No testing is required for agricultural water received from public water systems or supplies that meet requirements established in the rule (provided that the farm has Public Water System results or certificates of compliance demonstrating that the water meets relevant requirements), or if the water is treated in compliance with the rule's treatment requirements.

Processing Water

Fruits and vegetables are highly susceptible to contamination during post-harvest handling due to the high degree of water-to-produce contact. Water used for all aspects of processing should be of such quality that it cannot contaminate produce. Water can be useful in reducing potential contamination, but it may also serve as a source of contamination or cross-contamination. If processing water is reused, plant and human pathogens can build up, resulting in the contamination of a large batch of produce. Practices should be instituted to ensure that water quality is adequate both at the start and at the end of all post-harvest processes (FDA 2019). The following practices are recommended:

  • In series of processes where water is reused, water flow should be counter to the movement of produce through different operations so that the most processed produce is always exposed to the cleanest water.

  • Ensure that water is maintained in a condition suitable for its intended application, through regular treatment with disinfectant chemicals, the levels of which are closely monitored.

  • Ensure routine water-quality testing of ice intended for use on/with fresh produce.

General Considerations

Follow good manufacturing practices (GMPs) to minimize microbial contamination from processing water. GMPs for water used for food and food contact surfaces in processing facilities are in Title 21 of the Code of Federal Regulations (CFR), sections 117.37(a) and 117.80(a)(1). These GMPs are in place for all manufacturers, packers, and processors of food products, and are available online at (ECFR 2018).

  • Water quality needs may vary depending on where the water is used during the series of processes.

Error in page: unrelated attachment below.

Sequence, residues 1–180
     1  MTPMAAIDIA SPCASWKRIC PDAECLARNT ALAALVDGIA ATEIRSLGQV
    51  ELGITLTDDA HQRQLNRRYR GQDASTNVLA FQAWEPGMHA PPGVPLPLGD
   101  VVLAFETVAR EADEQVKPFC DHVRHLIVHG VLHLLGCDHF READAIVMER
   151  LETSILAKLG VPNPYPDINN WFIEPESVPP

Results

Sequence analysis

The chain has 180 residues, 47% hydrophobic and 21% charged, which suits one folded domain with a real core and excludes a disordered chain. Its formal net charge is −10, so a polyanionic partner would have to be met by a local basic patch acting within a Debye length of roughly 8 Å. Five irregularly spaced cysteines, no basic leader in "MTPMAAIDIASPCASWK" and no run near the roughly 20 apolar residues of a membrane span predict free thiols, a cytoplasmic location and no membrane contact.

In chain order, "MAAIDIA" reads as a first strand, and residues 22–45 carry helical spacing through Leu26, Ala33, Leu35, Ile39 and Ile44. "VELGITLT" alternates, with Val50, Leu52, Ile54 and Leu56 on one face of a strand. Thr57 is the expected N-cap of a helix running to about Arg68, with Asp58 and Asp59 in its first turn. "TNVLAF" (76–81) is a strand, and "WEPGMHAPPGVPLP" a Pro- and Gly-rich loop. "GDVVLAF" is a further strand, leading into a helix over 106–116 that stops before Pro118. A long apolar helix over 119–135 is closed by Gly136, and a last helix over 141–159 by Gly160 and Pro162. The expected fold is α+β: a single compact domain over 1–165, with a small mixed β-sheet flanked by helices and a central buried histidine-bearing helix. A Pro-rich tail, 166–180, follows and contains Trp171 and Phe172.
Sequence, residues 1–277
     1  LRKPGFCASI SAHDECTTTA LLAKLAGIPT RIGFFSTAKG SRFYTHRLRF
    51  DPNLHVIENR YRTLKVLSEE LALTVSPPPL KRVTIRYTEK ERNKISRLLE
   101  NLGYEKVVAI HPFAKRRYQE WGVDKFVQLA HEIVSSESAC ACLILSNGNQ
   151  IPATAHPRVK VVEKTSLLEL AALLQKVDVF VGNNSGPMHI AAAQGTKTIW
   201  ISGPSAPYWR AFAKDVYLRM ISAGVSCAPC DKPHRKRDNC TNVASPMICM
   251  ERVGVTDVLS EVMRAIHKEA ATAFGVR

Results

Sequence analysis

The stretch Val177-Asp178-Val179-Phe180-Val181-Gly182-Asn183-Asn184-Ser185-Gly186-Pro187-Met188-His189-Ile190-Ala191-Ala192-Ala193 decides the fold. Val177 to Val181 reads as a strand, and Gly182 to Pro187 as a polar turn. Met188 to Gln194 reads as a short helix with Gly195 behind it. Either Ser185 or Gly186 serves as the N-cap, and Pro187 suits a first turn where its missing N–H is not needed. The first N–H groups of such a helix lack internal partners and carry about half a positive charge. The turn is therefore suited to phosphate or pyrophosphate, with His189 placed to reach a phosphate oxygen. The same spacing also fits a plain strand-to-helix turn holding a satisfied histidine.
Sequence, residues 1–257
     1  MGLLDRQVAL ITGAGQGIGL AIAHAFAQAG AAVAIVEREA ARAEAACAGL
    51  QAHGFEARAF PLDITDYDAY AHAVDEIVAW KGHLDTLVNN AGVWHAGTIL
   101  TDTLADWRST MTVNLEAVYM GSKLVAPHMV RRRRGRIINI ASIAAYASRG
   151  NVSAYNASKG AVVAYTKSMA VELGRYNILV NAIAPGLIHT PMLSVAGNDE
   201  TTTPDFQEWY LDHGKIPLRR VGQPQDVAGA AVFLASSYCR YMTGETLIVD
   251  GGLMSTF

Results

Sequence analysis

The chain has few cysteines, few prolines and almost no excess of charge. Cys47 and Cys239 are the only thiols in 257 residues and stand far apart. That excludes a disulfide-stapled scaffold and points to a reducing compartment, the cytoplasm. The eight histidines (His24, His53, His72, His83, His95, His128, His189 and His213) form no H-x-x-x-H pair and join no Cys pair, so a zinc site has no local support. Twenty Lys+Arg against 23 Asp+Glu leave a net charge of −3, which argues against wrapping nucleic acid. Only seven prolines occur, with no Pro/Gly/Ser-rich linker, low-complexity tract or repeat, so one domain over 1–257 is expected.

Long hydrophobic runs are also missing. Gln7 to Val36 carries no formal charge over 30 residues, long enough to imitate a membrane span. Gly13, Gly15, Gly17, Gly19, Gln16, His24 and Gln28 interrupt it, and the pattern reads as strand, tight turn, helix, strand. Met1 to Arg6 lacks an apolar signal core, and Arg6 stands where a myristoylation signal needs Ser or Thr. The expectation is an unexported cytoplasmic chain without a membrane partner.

• Contamination prevention is preferred over adding antimicrobial chemicals post-contamination. Always remember that prevention is better than a cure.

Consider practices that will ensure and maintain water quality. Such practices may include:

  • Performing periodic water sampling and microbial testing.

  • Changing water as necessary to maintain sanitary conditions. Develop standard operating procedures or sanitary operating plans (SOPs), including water change schedules, for all processes that use water.

  • Cleaning and sanitizing water contact surfaces (such as dump tanks, flumes, wash tanks, and hydrocoolers) as often as necessary to ensure the safety of produce.

  • Installing backflow prevention devices and legal air gaps as needed (such as between potable water fill lines and dump-tank drain lines) to prevent the contamination of clean water by potentially contaminated water.

  • Routinely inspecting and maintaining equipment designed to assist in maintaining water quality, such as chlorine injectors, filtration systems, and backflow prevention devices, in order to ensure efficient operation.

  • Minimizing the accumulation of organic material in wash water. In some cases, the filtration of recirculating water or the use of a net to remove plant material and other debris from tanks may further prevent the accumulation of organic material.

Antimicrobial Chemicals

Another point to remember is that the best offense may be a good defense. Preventing a pathogen from getting onto your product in the first place is preferable over trying to remove one. Antimicrobial chemicals used in processing water can be useful in reducing microbial build-up and may reduce the potential for cross-contamination (ECFR 2018; FDA 1998).